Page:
I don't think you would need rads if you have UFH. Rads can striggle to wam a room because of air movement and furniture, but UFH does not have this problem.

Sorry - can't answer all your questions, just had a few things to through in. There are many UFH system manufacturers in this country and it could be worth getting in touch with them with your questions.

Eastpoint Tue 28-May-13 09:59:38

We have just been working through this process for our kitchen. We have decided against underfloor heating as we cannot get enough heat from it, there is a formula you or your plumber can use to calculate it. We would have ended up with less than half the amount of heat we needed.

Cosmosim Tue 28-May-13 10:12:43

My relatives have this (and their winters are routinely -15c)... They love it. It's especially great with kids who play/crawl around the floor as the floor feels wonderfully toasty without the room feeling stuffy and hot. They love it.

YoniOneWayOfLife Tue 28-May-13 10:18:31

One of the builders we were considering refused to use wet UFH without radiators, he said it would never work. Well, it does grin We have two rooms with wet UFH in screed and real wood over (and I did lots and lots of research over engineered vs real and went for real and I'm glad, we have engineered elsewhere and it does not look as nice) We also have an adjacent room which has a suspended wooden floor - so ground/earth, suspended joists with wooden floor on top. There is some arrangement with celotex either side of the pipes. I think it's sheet of ply/celotex/pipes/celotex/floor but I'm not entirely sure. Compared to the screed floor, it's not as warm, but that is toasty. In fact, the part of the house that is new (i.e. properly insulated) with UFH is so much warmer than the rest of the house with radiators.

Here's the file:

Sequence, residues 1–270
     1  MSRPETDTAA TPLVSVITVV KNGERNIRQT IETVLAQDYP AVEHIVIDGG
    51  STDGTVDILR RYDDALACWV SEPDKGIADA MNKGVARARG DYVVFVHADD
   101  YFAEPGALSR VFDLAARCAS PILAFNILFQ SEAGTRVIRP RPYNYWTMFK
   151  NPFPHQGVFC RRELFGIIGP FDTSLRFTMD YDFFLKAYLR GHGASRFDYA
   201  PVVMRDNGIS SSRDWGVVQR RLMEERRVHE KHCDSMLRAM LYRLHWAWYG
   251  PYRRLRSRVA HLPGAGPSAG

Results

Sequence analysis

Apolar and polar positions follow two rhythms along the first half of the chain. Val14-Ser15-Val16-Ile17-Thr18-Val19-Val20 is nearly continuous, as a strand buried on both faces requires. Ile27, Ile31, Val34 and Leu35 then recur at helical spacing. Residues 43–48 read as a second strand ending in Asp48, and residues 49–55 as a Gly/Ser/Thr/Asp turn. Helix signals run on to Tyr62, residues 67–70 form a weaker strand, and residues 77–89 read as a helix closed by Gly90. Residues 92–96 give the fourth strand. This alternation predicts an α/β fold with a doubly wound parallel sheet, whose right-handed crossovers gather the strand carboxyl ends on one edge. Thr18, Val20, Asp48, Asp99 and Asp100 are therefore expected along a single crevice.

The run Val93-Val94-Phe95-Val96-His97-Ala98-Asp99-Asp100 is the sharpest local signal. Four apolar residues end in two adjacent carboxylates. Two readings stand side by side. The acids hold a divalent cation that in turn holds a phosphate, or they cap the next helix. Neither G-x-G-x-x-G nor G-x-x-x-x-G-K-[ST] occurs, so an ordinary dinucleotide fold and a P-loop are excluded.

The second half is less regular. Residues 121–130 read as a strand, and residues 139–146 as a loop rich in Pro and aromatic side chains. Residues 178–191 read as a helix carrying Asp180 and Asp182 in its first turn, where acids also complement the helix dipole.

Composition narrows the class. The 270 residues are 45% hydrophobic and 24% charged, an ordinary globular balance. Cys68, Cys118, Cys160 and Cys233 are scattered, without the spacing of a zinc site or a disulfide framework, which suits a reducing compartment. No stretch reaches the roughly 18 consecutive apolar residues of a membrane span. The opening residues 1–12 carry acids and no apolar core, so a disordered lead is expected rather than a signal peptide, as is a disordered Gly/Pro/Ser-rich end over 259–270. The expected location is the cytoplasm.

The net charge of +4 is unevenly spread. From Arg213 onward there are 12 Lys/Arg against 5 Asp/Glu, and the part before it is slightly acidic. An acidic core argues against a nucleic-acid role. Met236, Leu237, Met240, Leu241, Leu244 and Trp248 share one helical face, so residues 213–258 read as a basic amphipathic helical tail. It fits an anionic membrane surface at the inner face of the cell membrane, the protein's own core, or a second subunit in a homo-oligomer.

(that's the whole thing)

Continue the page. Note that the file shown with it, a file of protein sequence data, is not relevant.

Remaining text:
Deux Tue 28-May-13 11:10:35

We went through this dilema recently for a large openplan space with lots of glass.

I could not get a definitive answer as to whether UFH on its own would be enough or rads would be needed too. We were using engineered wood as the space included the kitchen.